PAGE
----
#Feldenkrais's four principles of development described in this TED talk were also involved in how I developed my book and I think may provide some insight into how the Triratna Community can be more successful in it's own development. How to learn in a healthy way rather than a forced way! Also applies to #Quantum Physicists!
"But what about the sixth limb of the Noble Eightfold Path; the four right efforts? That doesn’t sound so like relaxation we may think! However, here may be another case where a translation can be a bit misleading. I think that ‘perfect effort’ or ‘right effort’ may not be the best translation of Samma-vayama, it is rather too crude. Really it is something more like gymnastics – that we can use our mind like a gymnast uses their body. So there is a bit more to it than ‘effort’; it’s not just about making constant mental exertion.
‘Right effort’ may not be the effortful activity which we may have imagined. It is more about using our mind like a gymnast. Just as a gymnast can do anything with their body so we can do anything with our mind. They are healthy, flexible, and can move anywhere - they can’t be pinned down. They are not stuck in one position; they dodge out of the way of any attack. So if we get this translation wrong and we think of it as just lots of effort – like weight training – we may end up being a gymnast who can’t flip out of the way because they have developed such huge muscles (they are no longer much of a gymnast). As beginners we may easily approach meditation with a sledgehammer; i.e. with far too much effort! Sometimes a beginner to meditation may even be handed a sledgehammer! As we progress we leave behind this sledgehammer. We are no longer trying to smash down the wall in front of us – we discover instead that there is a door we can just open and walk through.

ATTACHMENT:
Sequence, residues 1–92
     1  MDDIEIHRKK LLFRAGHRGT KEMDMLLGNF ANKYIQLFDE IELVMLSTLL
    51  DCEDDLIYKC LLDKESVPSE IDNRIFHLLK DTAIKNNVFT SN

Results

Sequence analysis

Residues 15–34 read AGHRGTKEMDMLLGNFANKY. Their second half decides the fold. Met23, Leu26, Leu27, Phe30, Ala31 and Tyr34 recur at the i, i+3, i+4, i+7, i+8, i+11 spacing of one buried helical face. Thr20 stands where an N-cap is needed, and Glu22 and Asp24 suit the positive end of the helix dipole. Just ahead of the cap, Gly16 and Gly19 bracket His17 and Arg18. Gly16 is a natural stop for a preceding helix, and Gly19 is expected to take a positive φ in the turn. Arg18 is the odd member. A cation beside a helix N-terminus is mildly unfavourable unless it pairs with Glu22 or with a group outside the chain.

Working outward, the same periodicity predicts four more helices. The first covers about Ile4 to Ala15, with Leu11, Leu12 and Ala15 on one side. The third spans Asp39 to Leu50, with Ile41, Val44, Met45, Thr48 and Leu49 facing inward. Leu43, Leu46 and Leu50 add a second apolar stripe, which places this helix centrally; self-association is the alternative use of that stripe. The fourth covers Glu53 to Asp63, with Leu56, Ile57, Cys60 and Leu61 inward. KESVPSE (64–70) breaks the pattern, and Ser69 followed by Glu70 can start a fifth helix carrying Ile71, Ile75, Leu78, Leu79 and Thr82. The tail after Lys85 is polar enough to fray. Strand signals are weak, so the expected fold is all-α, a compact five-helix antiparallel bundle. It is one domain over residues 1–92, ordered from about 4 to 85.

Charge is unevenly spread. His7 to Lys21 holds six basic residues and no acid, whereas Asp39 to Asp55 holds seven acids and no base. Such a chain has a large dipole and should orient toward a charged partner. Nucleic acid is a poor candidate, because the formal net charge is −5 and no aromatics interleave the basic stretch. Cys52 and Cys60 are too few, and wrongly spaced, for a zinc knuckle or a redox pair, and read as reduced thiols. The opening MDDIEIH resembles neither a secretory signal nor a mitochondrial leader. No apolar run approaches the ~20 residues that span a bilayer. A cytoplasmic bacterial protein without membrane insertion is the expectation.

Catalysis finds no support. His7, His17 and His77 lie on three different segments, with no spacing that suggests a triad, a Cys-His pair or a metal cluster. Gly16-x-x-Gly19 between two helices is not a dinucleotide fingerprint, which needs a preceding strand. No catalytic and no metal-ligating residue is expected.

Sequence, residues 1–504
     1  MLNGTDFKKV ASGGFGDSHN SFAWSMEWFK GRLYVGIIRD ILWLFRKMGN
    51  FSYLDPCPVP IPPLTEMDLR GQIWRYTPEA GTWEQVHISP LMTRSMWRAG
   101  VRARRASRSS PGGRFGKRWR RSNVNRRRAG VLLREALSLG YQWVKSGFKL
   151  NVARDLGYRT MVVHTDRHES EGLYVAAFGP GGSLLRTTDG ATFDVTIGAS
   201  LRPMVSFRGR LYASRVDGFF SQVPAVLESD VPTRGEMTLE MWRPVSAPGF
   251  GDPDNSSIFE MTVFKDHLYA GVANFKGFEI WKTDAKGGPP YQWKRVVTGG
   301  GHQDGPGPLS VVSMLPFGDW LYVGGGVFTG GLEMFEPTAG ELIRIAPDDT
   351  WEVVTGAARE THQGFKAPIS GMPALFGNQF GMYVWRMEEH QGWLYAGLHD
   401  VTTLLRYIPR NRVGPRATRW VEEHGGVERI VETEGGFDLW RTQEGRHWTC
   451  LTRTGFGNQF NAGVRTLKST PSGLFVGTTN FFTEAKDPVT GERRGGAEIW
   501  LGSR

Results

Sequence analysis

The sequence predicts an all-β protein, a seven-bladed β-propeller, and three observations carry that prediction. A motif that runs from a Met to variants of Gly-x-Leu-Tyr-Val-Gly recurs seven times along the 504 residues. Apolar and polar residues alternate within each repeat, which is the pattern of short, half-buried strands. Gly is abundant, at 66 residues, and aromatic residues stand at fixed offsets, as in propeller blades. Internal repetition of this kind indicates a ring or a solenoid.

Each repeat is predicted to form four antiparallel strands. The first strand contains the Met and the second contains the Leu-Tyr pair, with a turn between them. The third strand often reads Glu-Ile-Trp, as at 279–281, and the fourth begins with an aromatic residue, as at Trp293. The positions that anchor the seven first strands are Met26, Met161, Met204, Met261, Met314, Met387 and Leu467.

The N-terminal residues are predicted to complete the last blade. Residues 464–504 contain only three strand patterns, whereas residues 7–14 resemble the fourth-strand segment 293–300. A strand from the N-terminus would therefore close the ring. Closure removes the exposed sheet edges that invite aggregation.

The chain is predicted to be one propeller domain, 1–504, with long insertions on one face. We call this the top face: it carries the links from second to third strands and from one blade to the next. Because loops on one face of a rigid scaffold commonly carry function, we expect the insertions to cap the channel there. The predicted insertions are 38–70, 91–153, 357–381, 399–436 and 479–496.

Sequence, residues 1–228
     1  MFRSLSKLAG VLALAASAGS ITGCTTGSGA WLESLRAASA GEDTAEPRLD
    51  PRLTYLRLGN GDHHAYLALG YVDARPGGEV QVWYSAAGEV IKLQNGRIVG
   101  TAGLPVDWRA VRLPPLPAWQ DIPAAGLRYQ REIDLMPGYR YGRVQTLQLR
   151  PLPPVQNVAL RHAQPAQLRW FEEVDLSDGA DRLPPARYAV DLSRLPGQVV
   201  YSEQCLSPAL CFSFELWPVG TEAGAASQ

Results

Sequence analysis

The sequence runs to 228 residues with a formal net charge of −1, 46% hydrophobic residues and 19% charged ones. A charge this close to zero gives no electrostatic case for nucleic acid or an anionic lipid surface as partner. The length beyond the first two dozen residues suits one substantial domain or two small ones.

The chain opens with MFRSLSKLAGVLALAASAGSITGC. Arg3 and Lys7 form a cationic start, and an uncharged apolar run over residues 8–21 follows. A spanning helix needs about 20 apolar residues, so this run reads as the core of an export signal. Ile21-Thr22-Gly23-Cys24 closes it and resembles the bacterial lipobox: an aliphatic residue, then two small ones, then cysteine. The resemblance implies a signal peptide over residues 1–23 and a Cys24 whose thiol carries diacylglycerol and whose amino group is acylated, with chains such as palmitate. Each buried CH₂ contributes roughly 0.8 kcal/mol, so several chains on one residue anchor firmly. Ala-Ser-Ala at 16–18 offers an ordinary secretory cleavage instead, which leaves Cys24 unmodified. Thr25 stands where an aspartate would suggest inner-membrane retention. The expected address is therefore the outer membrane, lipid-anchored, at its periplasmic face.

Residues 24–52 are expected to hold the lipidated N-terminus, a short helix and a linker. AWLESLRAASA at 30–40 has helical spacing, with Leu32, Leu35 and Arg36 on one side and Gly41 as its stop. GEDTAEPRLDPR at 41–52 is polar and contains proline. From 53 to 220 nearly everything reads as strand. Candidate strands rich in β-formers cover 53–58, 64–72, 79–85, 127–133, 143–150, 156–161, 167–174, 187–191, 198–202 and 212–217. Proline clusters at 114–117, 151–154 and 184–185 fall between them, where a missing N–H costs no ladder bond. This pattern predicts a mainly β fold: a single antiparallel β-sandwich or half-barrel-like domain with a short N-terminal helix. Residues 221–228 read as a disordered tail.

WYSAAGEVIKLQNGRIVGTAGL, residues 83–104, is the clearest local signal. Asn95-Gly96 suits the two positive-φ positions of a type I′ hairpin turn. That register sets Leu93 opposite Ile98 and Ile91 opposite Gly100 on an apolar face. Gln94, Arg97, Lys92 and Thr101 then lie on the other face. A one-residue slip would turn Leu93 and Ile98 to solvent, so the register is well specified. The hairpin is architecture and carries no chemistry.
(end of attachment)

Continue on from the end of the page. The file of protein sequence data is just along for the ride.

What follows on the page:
However, it is understandable if we do start off our spiritual life using a sledgehammer; we may not yet have a mind like a gymnast. The more out of balance we are the more force will need to be applied to create re-balance. Sometimes it's just hard work preventing and eradicating unskilful mental events and developing and maintaining skilful ones, and gymnasts need training too; perhaps they might resort to a sledgehammer if they were a bit out of shape. So this is necessary effort, but approach this more like a gymnast rather than as a sentence of hard labour."
It isn't hard to find videos on youtube which stretch one's credulity. We may not be able to tell what is fake and what is real. Here's one which I can confidently tell you is real. This is 87 year old Shaolin Master Hai Teng. He has a very tough index finger! His training from a young age has given him some remarkable abilities; one of these is the one finger hand-stand. It seems no one else in the world has been able to do this. This is called hard qigong.
Patrick Baigent (Vimokshadaka) has twenty years experience of Buddhism and Qigong. He was ordained into the Triratna Order in 2009. Since 2007 he has studied with several Zhineng Qigong Masters from China. He teaches Mindfulness and Mindfulness Qigong.
From 2011 he specialized in the study of relaxation and what relaxation means for Buddhism and meditation. This turned into a book; The Mindfulness Process, which offers a new Buddhism and Qigong informed model of relaxation and mindfulness.